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The Not So Scary Truth About Student Loans…

Today’s guest article comes from Craig P. Anderson.

It is hard to avoid negative stories today about student loans. Interest rates doubling! One trillion dollars worth of debt! Students with six figure loan debts can’t make payments! While these all make great headlines, the larger truth is that, used wisely, student loans can be a valuable part of your plan for paying for college.

In this post I’d like to look deeper into three “fear factor” statistics that are the focus of many media articles: Average Student Loan Debt, Total Student Loan Debt and Delinquent Student Loan Payments.

Average Student Loan Debt

Average student loan debt is around $26,000 for students graduating with a Bachelors degree. While averages are often helpful in gaining perspective, for student loans it distorts your perspective. In this case, the average is skewed higher by the small number of students with significant levels of debt. In this case, using the median student loan debt is far more instructive.  What that shows you is that most students at traditional schools have a manageable debt load of $7,960 for 4 year public schools and $17,040 at 4 year private institutions. Those are far less scary and far more manageable numbers.  This equates to a $92 monthly payment for the 4 year public graduate and a $197 monthly payment for the 4 year private graduate. Those numbers are far less intimidating than the $300 monthly payment the average would lead you to believe.

To make this point even more clear look at the chart below from a recent New York Fed Treasury Report. This shows that almost 70% of borrowers owe less than the national average of $26,000 and most of those students owe less than $10,000. Only 12.7% of borrowers fall into the horror story category we hear so much about, representing debt levels of $50,000 or more.  So yes, there are students who have borrowed far too many student loans, but most students are making wise decisions.

Student Loan Balance Distribution Q4 2012

Total Student Loan Debt

Ever since the Consumer Financial Protection Bureau confirmed that total student loan debt exceeded $1 trillion dollars we have heard more about a student loan “bubble”. But let’s dig deeper into that number. The chart below from the College Board’s “Trends in Student Aid Report” shows a 95% increase in the number of borrowers from 5.4 million in 2001-02 to 10.4 million in 2011-2012. But during that same timeframe, the average amount borrowed has only increased 8% from $7,627 to $8,230. So students are not necessarily borrowing more, there are simply far more students borrowing for college. So while $1 trillion dollars is certainly a large number, it is the logical outcome of growing college enrollment financed by a loan with a minimum 10 year repayment period.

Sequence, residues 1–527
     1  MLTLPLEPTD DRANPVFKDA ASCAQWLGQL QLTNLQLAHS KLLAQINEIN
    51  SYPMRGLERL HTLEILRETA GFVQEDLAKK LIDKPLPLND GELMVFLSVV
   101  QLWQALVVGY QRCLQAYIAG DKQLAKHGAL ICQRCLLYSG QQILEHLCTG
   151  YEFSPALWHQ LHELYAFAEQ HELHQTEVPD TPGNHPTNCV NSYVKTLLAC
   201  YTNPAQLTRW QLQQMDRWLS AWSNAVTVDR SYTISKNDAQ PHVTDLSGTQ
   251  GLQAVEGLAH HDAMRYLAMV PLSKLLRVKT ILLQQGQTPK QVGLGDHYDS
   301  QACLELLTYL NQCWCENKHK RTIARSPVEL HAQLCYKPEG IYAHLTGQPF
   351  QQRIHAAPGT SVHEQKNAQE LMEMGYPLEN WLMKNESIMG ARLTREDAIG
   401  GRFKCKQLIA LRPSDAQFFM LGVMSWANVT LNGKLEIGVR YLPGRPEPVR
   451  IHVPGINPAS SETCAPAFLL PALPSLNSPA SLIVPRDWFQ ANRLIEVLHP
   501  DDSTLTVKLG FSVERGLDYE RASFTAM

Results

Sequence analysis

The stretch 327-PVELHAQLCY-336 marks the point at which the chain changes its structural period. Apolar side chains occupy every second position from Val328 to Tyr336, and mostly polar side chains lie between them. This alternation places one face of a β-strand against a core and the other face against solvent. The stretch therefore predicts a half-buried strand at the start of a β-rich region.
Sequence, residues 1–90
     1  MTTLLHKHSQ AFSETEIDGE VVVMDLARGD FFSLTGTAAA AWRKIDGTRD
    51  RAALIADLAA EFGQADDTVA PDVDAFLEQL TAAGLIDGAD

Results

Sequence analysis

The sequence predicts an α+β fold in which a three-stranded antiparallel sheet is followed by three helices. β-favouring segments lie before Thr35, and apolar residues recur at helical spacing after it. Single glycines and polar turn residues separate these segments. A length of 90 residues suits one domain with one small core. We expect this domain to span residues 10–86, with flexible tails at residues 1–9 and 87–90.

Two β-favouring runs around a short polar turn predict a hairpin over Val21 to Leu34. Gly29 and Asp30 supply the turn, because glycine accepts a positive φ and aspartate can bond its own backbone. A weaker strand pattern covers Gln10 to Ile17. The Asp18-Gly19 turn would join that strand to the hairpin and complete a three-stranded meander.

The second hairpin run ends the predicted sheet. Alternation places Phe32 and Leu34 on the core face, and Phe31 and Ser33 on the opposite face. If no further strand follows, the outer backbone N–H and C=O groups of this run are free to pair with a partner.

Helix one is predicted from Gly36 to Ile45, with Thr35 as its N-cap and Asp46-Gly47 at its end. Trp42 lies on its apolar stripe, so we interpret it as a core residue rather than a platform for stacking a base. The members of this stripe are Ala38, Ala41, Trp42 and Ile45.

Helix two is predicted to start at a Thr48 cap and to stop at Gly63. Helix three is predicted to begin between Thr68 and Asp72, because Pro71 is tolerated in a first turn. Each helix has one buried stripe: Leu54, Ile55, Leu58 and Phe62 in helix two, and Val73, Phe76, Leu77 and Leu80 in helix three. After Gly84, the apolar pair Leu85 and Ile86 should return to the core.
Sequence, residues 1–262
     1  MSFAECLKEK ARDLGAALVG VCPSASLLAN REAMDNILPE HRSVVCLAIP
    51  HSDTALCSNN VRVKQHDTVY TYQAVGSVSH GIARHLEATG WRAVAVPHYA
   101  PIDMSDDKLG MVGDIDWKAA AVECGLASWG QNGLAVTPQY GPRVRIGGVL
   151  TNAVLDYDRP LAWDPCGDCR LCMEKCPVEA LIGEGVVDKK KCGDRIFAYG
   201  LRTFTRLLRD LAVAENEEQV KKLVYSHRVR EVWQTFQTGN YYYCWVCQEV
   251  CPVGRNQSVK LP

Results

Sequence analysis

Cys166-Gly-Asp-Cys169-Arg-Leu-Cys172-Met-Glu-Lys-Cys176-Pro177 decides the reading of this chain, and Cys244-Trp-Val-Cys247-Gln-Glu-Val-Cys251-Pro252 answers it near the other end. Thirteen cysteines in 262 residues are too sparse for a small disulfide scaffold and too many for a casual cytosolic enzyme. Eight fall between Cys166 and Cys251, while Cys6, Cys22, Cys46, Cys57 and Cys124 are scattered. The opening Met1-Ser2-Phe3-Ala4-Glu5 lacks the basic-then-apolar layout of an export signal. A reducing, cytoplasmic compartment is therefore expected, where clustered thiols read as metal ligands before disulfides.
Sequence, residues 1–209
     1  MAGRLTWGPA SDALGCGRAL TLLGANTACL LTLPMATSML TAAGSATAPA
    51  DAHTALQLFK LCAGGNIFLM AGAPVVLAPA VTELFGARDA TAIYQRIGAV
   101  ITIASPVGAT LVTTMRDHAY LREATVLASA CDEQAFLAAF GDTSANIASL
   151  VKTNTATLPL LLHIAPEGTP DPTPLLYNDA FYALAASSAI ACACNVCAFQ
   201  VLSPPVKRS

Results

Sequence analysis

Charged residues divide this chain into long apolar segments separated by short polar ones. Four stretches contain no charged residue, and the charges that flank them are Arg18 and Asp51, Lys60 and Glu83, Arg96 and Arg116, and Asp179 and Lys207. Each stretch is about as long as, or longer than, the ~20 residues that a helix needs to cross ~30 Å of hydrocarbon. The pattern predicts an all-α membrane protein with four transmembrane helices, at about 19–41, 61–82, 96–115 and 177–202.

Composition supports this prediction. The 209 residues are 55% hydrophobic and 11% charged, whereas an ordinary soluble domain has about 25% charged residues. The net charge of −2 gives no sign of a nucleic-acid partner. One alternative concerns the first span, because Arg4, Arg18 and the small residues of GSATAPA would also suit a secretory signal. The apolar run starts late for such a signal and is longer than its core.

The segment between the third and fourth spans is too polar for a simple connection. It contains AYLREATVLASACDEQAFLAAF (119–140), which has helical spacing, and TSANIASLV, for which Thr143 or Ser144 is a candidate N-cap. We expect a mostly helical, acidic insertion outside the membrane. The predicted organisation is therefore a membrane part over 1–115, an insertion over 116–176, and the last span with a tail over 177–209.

Average amount borrowed and total borrowers

Delinquent Student Loan Payments

Of the three items discussed, this is the one that should concern you the most. What the chart shows is that more students than ever are delinquent on their student loan payments. For borrowers in repayment, 31.1% were delinquent in 2012, up from 24.5% in 2008 and 20.1% in 2004.

Student Loan Borrowers 90 Days Delinquent

 

This problem is reflective of our current economic environment. Recent college graduates have experienced high rates of unemployment as a result of the recession. But, there is good news; those rates have begun to fall. According to the  National Association of Colleges and Employers: “ In September 2012, the unemployment rate for new college graduates—defined as college graduates ages 20 to 24—fell to 6.3 percent from 8.3 percent in September 2011 and 9.4 percent in September 2010.” As employment rates rise, college graduates will be in a better position to make their student loan payments. Additionally, for graduates who have problems making student loan payments, there are a variety of repayment programs that help reduce the size of a student’s federal loan payments. While the Department of Education does not provide usage statistics, it is generally assumed these programs are underutilized. You can find more information here.

Students should not be afraid to go to college simply because of a fear of student loan debt. As I have shown, most students are not overburdened by debt and the increase in total debt has been driven by more students going to college as much as anything else. The most legitimate fear is having an inability to make student loan payments. Students can manage this by being conservative in their borrowing and leveraging repayment options offered by the Department of Education. A reasonable amount of student loan debt can be part of any college financing strategy.

About the Author:

Today’s guest article comes from Craig P Anderson, who has been working in the Higher Education Finance Industry for over 20 years. He is a Student Loan Expert and has worked for a variety of student loan providers including Chase and Sallie Mae. He also worked in the Financial Aid Offices of the University of Florida and St. Petersburg College and has served on several industry boards. You can read more from him at www.CommonSenseStudentLoans.com or follow him on Twitter @CraigPAnderson .

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4 Responses to “The Not So Scary Truth About Student Loans…”

  1. This is totally true. So many people are afraid of student loans, but if you are prepared it is not as daunting as you think. Thanks for sharing!

  2. Patrick says:

    Thanks Craig. Well done. The politicians need to stop the fear mongering and the media should educate themselves on the issue. But then, I would be happy if they would simply figure out that Stafford Loans have been eliminated in favor of the Federal Direct Student Loan program…

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